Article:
Kayla Manring (’21 MPAP/MSPH Candidate) shares her practicum experience. Here’s her story:
This spring semester I worked alongside Lauren Grant, the student advocate for Cleveland High School in Johnston County. I have always been interested in youth so this practicum aligned perfectly with my interests. Lauren works with kids whose grades, attendance or social lives struggle. Cleveland has a program called RAM Academy where kids are able to complete school online. Some of these kids are not able to function in a normal classroom, some must have a job to support themselves, and others need to be online so that they can finish classes they did not previously pass. Through my practicum I was able to spend time with, help motivate, and see glimpses of change in some of these high school students.
I was very fortunate growing up and enjoyed school. Through my practicum I was able to see another kind of student. Students who do not care about school, but who care about an immediate job, students who are relying on extended family members and friends for housing, students who have had trouble with the law. The at risk program at Cleveland aims to help these struggling students find a way to succeed. I have tried to share with each kid that your education will take you places, that it is worth finishing, and that they can do it.
On the first day of my practicum Lauren was collecting food for a student who was in need and I asked how counselors get the funds to provide food. She simply said, “our pockets.” This initial conversation led me to thinking and the thought of a food drive began. In March I contacted a Food Lion about my thought and they had already planned their own food drive that they wanted to give to the community – the vision was becoming a reality. By the end of April, Food Lion and the Johnston County community had helped raise enough food to fill a car and then some to give to the school.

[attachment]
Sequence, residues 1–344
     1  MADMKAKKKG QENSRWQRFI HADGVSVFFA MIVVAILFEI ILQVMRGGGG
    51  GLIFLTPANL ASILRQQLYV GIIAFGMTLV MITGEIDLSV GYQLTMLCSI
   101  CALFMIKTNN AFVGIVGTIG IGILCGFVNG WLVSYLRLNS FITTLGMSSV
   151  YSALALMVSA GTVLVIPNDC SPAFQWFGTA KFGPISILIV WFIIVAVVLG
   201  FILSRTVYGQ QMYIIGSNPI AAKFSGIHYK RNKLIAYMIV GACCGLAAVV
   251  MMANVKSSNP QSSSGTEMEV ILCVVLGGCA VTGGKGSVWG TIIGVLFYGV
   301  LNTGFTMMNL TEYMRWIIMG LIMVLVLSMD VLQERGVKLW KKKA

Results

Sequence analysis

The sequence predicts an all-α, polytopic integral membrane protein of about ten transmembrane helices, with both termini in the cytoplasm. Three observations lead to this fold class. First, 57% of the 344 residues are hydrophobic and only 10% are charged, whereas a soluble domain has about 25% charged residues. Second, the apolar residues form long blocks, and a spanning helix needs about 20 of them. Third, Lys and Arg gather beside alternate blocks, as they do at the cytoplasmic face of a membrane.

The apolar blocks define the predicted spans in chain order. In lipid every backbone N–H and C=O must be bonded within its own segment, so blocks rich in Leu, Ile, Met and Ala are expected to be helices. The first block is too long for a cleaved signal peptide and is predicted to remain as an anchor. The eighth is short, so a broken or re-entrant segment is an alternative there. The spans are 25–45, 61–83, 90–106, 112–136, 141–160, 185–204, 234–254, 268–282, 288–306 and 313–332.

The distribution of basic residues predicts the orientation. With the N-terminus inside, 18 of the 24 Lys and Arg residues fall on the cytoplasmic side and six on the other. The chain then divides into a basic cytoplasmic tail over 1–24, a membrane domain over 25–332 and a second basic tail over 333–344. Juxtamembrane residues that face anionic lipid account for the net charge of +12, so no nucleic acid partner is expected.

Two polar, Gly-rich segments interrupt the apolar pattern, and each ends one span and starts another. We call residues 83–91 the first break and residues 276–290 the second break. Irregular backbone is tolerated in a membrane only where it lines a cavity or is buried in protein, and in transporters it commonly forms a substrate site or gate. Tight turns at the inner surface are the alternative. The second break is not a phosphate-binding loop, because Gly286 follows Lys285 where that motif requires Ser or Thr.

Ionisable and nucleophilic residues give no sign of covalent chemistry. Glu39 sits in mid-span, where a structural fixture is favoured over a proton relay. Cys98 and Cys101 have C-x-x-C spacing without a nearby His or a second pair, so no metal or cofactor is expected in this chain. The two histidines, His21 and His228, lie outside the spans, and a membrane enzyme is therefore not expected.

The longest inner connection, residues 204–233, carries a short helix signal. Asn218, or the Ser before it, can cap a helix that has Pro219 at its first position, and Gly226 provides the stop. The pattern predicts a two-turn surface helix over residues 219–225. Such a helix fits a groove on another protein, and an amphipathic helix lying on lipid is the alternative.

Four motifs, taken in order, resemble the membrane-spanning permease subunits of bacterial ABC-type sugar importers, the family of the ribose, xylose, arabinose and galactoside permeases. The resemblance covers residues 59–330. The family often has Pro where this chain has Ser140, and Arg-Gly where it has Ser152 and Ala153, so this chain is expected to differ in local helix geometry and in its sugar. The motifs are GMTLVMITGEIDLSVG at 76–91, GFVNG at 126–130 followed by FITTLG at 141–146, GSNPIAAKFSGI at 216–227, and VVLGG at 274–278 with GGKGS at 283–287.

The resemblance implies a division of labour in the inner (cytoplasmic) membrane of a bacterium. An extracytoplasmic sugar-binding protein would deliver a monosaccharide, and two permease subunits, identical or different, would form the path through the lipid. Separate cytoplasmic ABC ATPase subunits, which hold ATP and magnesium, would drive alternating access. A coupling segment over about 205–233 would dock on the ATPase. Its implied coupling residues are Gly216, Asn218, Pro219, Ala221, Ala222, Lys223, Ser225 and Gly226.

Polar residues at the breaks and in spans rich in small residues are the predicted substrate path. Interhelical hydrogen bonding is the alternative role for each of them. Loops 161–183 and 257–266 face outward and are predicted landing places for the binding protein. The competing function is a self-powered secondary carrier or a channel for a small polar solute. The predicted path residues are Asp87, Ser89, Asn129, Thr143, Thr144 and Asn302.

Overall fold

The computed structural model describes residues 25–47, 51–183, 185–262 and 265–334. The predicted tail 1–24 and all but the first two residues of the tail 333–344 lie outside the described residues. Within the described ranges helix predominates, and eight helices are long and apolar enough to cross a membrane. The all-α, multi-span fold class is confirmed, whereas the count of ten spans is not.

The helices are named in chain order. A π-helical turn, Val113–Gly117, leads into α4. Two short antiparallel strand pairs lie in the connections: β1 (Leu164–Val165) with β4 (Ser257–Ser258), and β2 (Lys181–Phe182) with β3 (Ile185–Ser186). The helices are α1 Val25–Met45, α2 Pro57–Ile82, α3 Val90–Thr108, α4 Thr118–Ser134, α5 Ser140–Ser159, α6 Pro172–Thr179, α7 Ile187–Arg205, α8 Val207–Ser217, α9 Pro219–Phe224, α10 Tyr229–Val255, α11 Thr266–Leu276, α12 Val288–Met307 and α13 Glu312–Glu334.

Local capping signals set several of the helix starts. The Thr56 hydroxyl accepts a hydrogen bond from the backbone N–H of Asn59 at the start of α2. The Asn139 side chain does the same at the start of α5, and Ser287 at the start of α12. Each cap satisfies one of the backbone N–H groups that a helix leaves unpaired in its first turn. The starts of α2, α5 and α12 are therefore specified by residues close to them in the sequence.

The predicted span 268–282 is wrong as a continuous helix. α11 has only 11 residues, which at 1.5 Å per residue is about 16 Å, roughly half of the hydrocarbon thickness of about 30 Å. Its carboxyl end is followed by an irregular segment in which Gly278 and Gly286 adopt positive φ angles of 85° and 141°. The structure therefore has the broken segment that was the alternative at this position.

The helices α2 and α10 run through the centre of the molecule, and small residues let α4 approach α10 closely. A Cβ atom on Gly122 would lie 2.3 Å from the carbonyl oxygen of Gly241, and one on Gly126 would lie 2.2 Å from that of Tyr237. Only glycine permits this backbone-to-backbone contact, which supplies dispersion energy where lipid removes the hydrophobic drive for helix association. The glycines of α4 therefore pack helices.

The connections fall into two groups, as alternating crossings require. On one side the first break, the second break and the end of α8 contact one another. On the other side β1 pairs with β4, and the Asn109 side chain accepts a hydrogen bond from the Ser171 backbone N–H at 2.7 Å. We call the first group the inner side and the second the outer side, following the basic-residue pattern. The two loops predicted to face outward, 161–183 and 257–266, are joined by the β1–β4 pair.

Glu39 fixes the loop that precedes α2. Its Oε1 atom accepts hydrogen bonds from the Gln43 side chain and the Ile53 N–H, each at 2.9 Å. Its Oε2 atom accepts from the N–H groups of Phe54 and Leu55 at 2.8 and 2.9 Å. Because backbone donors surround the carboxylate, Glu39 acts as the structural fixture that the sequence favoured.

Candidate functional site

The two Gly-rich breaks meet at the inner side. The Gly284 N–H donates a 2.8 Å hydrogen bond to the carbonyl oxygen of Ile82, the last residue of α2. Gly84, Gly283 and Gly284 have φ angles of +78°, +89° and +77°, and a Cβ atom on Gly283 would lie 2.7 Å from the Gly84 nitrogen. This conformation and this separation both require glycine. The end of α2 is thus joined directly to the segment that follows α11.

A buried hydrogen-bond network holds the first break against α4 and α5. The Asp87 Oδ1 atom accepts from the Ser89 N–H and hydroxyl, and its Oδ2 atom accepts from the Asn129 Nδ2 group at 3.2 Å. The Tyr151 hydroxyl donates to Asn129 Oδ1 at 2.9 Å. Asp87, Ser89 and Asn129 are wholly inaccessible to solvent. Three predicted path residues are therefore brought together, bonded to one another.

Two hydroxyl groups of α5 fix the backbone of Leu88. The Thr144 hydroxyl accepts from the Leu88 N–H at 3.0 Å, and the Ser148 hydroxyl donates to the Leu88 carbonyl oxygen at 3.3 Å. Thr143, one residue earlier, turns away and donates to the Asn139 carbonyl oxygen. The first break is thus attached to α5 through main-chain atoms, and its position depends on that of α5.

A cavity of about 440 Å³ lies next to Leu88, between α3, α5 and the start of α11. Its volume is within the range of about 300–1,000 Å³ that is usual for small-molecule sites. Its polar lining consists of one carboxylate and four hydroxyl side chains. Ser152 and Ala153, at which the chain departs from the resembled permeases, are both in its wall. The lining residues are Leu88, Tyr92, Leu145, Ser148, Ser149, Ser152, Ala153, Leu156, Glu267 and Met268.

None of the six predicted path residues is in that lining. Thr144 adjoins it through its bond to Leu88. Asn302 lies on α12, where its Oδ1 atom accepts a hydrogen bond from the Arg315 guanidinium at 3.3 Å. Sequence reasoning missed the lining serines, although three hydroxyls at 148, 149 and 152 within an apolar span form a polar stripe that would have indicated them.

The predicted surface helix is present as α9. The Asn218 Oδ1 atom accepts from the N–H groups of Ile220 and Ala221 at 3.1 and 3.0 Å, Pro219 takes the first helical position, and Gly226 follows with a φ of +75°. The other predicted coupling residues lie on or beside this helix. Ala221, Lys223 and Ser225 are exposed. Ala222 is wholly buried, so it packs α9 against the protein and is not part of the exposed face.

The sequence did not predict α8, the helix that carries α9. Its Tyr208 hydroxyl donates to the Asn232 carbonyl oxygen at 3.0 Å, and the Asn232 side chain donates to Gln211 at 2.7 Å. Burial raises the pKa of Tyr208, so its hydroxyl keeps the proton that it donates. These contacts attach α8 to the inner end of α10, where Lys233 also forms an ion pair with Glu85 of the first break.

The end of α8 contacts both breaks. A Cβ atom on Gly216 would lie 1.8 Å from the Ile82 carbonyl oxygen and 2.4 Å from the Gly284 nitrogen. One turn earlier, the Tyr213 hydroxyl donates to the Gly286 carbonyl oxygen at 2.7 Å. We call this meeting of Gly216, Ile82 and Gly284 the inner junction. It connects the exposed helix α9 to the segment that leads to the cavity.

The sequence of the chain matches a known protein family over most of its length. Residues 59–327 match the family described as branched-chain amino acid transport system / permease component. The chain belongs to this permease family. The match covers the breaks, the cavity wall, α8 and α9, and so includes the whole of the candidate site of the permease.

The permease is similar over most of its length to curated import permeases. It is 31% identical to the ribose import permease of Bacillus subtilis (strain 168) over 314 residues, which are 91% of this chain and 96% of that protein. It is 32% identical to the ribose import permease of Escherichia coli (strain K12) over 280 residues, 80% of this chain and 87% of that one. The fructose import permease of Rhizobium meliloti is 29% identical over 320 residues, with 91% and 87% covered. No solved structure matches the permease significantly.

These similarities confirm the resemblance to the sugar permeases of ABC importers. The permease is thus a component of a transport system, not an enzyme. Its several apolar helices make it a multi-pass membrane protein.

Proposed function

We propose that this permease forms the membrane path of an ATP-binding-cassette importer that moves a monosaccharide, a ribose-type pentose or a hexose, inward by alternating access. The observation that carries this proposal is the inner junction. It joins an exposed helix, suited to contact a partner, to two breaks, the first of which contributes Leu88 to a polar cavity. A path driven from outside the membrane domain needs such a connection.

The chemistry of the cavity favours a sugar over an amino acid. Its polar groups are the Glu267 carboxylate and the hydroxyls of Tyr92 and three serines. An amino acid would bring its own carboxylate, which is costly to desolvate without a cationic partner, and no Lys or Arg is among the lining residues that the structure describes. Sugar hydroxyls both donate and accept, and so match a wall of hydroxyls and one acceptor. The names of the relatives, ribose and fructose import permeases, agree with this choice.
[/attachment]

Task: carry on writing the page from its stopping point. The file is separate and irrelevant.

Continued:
Throughout the semester I had heard of various kids discipline problems, a lot relating to drug use. The staff suggested information sharing details on substances and I was able to connect with a few guest speakers to come speak to kids and parents on substances. Although the turnout was not what I had hoped for, a mom did comment on how she wished everyone could have heard their talk. It made me feel good that there was a positive comment, but also wish that the turnout had been better.
This practicum allowed me to connect with students and try to open their mind to continue in school so their overall future would improve. I was able to see all the resources schools have and see where there might be future needs. I am thankful that I got to work alongside Lauren and the other members of the Student Services team. They give and care so much for their students. Their quick conversations sometimes sparked change and the student saw a community member believed in them. In my future career, I plan to use this experience when I interact with children to ensure that I ask about their education and other factors outside of the initial patient encounter.